“I’ve never before seen an American president, after going all over the country about this national crisis, then the day after an election shrug,” said Douglas Brinkley, a presidential historian at Rice University.

The closest parallel that Brinkley drew was to President Lyndon B. Johnson, who seized on — and mischaracterized — two murky encounters between U.S. and North Vietnamese warships in the Gulf of Tonkin in 1964 as a pretext to accelerate America’s engagement in the Vietnam War. Still, he said, Trump’s response was of a different order.

“It was a dangerous form of xenophobia, aimed solely for electoral purposes and had nothing to do in the end with real national security,” Brinkley said.

For the troops, so far, it has mostly been an expensive field trip. The cost of the deployment is not known, but budget officials believe it could reach $200 million if all 15,000 troops that Trump pledged are ultimately sent.

Defense Secretary Jim Mattis said on Tuesday that the Pentagon was “capturing” the expenses daily and would update the public when he knew the total cost. On Wednesday, Mattis plans to meet with soldiers at Base Camp Donna, the forward operating base built over the last month near the Rio Grande. Mattis said there had been no change to the mission; the troops were not receiving extra combat or hostile-fire pay. His visit, a defense official said, is meant to be low key and reminiscent of his days as a Marine general, when he could meet front-line troops with little fanfare.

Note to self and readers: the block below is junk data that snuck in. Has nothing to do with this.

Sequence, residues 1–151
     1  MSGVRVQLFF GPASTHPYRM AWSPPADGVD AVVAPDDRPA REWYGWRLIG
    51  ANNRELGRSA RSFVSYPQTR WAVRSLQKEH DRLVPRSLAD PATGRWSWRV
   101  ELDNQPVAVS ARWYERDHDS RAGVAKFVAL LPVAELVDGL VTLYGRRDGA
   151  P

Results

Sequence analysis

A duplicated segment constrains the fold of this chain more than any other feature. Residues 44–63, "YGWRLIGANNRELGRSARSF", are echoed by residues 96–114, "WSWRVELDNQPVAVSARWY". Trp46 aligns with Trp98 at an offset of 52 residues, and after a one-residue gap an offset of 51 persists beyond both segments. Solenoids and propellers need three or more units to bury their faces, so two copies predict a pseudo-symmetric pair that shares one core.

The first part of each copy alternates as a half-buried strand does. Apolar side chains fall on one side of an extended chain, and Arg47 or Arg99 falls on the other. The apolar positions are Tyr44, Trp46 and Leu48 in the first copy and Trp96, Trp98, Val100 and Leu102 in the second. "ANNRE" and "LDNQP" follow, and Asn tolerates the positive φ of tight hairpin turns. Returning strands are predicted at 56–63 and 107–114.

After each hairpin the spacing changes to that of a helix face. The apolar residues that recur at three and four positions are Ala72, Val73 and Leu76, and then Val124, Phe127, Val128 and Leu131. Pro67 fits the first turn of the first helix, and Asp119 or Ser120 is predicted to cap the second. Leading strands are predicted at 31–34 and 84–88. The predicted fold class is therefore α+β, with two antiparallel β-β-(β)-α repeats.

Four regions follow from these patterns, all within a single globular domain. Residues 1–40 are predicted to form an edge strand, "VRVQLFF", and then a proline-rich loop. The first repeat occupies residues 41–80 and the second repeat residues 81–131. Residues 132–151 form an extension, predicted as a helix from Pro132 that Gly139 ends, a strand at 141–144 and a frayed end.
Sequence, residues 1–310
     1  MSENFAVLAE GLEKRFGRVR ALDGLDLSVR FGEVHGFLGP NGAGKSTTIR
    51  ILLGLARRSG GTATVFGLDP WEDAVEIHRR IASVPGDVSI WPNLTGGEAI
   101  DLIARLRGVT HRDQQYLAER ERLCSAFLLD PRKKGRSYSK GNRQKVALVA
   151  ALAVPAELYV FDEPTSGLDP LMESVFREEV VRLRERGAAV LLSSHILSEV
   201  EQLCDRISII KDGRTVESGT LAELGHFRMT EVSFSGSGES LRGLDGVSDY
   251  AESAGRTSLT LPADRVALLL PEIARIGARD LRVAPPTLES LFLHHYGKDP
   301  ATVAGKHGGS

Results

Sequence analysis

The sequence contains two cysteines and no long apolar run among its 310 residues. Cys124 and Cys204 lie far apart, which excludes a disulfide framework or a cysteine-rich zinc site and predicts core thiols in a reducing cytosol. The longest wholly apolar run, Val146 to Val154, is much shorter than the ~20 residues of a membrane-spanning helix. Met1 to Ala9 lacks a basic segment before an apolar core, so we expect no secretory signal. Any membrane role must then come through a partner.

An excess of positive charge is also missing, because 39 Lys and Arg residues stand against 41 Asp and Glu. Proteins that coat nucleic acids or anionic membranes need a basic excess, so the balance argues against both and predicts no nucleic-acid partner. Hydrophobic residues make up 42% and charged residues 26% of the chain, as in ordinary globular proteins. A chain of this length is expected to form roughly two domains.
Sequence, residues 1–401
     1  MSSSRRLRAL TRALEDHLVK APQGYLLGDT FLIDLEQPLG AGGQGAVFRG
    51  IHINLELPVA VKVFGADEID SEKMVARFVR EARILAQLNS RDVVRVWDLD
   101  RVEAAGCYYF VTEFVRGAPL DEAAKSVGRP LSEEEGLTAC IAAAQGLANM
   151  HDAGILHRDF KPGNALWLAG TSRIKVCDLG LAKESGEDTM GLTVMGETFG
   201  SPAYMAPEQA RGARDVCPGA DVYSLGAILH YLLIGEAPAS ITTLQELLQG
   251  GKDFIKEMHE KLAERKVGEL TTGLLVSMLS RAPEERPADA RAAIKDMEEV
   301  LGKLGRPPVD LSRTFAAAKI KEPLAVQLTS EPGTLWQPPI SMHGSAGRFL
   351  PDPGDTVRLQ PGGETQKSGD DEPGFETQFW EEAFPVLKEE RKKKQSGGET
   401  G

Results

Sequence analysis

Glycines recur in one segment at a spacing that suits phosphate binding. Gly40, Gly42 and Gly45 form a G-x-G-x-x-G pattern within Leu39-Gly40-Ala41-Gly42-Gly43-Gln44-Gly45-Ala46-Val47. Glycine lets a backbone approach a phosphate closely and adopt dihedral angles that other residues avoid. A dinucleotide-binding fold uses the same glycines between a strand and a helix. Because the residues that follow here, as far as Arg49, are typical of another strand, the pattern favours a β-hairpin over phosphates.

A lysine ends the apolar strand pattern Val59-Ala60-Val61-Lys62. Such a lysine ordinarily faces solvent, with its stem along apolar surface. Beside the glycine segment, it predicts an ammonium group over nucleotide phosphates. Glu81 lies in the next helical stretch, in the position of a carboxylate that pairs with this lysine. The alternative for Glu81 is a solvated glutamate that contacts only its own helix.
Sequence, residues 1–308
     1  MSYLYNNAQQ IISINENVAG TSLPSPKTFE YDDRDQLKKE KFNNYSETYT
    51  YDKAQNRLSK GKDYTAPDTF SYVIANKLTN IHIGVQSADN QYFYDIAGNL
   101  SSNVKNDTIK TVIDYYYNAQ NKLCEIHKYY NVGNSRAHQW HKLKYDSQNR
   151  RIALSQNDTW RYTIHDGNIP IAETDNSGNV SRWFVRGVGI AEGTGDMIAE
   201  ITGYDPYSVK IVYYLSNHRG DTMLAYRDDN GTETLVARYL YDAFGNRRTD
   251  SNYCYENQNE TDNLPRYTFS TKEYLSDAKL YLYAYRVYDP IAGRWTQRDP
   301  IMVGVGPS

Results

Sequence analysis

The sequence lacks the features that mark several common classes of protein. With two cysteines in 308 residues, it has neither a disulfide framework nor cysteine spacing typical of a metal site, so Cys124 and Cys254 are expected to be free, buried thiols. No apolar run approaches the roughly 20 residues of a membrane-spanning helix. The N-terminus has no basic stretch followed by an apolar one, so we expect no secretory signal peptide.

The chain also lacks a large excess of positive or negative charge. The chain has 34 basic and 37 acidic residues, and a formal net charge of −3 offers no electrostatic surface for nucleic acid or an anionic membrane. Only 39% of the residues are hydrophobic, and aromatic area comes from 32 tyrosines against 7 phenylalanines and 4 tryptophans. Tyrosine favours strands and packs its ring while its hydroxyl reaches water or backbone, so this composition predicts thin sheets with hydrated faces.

Living conditions at Base Camp Donna are spare, but since its construction this month, the Army has added showers and a larger living area aside from the initial allotment of tents.

Defenders of Trump said the troops would take little notice of his sudden lack of emphasis on the caravan.

“Knowing the troops, knowing how busy they are, they’re not focused on him,” said Jack Keane, a retired four-star general who is a former vice chief of staff of the Army. “They’ve got a job to do.”

But other former military officers said the soldiers were well aware of the political motivation behind their mission. Lacking much else to do, they will quickly pick up on Trump’s loss of interest in the caravan, and it will add to their already depleted morale.

“Having spent months in the desert with nothing to do, at least we had scorpions to have scorpion fights with,” said John A. Nagl, a retired Army lieutenant colonel who served in Operation Desert Shield in 1990 and 1991.

“But we had a real mission,” he said. “These guys don’t have that.”